Saudi Arabia is beginning an oil exploration push that it says is expected to turn up 100 billion barrels of new oil in existing fields in the Kingdom and in unexplored regions including in the Red Sea.
The effort is also expected to increase the company’s natural gas production by 40 percent by 2014.
Saudi Aramco executive said Tuesday the company plans to drill its first deepwater exploratory well in the Red Sea by year-end.
“We are optimistic about the potential for significant discoveries,” said Amin Nasser, Saudi Aramco senior vice president upstream, at the IHS CERA conference in Houston. “We expect to start drilling in the deepwater by the end of this year.”
Deepwater and shallow water drilling are key components of Saudi Aramco’s long-term goal of finding at least 100 million barrels of energy resources within the Saudi Arabian kingdom in the next several decades, Nasser said. The company is also working on increasing its rate of oil recovery from fields to 70 percent from 50 percent in coming years.
“The program was designed to ensure that we continue to have ample spare capacity to meet underestimated energy demand,” he said. Saudi Arabia has 267 billion of so-called proven reserves, about one-fifth of the world’s total. “Proven reserves” is an industry term that means oil or gas that has been discovered and could be produced with today’s technology.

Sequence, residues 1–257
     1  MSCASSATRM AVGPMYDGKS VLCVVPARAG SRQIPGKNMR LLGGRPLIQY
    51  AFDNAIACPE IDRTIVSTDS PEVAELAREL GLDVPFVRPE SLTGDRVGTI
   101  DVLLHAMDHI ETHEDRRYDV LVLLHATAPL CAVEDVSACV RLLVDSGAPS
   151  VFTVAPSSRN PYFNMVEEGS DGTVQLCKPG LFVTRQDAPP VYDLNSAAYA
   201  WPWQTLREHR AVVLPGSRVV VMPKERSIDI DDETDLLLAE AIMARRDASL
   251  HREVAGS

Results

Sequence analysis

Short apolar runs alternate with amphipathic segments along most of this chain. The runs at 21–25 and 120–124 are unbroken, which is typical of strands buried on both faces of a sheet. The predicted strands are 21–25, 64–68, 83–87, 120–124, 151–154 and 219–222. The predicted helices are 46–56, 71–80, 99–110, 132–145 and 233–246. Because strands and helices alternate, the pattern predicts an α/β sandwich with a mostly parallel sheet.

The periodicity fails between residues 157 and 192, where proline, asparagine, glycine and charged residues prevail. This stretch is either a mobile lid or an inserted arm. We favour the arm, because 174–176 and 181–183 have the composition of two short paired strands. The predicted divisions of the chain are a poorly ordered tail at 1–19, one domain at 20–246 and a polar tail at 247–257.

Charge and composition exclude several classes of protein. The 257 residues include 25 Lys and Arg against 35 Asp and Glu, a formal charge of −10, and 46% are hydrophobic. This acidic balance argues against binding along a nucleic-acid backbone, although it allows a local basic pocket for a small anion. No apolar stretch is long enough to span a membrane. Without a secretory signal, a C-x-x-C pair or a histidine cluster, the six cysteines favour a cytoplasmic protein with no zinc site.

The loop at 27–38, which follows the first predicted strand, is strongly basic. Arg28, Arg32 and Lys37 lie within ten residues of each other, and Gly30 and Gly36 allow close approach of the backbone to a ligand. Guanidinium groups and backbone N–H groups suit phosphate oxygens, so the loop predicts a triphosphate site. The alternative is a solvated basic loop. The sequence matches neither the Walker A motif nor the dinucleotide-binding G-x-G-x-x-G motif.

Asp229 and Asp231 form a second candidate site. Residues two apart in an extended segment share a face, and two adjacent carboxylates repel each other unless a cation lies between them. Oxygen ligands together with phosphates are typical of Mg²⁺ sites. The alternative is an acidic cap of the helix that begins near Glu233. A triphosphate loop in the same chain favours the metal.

The world consumes about 89 million barrels of oil per day, or 32.5 billion barrels per year. The industry describes a field as giant if it has 500 million barrels of oil or more.
He said geological surveys suggest that the oil will be found in “frontier” areas in the Kingdom, including in the shallow and deep waters of the Red Sea. Nasser said shallow water drilling has begun already and that deep water drilling will begin later this year.
“We are very optimistic about the potential for significant discoveries,” he said.
He also said improved oil extraction techniques will allow the country to pull 70 percent of the oil from its existing fields, up from 50 percent.
The natural gas push is being made to handle strong growth in Saudi Arabian power demand. Nasser said power demand is rising 7 percent a year.
He also said that Saudi Aramco will improve its research and development capabilities by doubling the number of scientists who work for the company and opening research centers around the world.
The first new research center will be in Houston, he added, though he did not say when it would be established.
Source: Saudi Gazette